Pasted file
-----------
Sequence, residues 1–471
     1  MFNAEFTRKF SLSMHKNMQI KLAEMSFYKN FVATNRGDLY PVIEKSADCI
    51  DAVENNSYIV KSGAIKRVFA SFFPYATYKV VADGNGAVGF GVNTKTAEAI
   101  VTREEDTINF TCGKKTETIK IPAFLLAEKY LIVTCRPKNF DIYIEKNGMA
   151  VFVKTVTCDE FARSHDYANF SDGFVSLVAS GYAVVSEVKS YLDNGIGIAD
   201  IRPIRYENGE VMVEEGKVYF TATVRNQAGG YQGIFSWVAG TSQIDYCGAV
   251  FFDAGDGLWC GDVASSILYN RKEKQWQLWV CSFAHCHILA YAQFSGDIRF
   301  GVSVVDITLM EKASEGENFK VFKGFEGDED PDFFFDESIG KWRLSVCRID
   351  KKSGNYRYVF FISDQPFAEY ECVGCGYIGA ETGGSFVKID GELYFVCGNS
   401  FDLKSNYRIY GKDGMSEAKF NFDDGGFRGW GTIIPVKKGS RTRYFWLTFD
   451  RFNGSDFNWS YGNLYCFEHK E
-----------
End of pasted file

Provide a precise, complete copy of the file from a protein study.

Sequence, residues 1–471
     1  MFNAEFTRKF SLSMHKNMQI KLAEMSFYKN FVATNRGDLY PVIEKSADCI
    51  DAVENNSYIV KSGAIKRVFA SFFPYATYKV VADGNGAVGF GVNTKTAEAI
   101  VTREEDTINF TCGKKTETIK IPAFLLAEKY LIVTCRPKNF DIYIEKNGMA
   151  VFVKTVTCDE FARSHDYANF SDGFVSLVAS GYAVVSEVKS YLDNGIGIAD
   201  IRPIRYENGE VMVEEGKVYF TATVRNQAGG YQGIFSWVAG TSQIDYCGAV
   251  FFDAGDGLWC GDVASSILYN RKEKQWQLWV CSFAHCHILA YAQFSGDIRF
   301  GVSVVDITLM EKASEGENFK VFKGFEGDED PDFFFDESIG KWRLSVCRID
   351  KKSGNYRYVF FISDQPFAEY ECVGCGYIGA ETGGSFVKID GELYFVCGNS
   401  FDLKSNYRIY GKDGMSEAKF NFDDGGFRGW GTIIPVKKGS RTRYFWLTFD
   451  RFNGSDFNWS YGNLYCFEHK E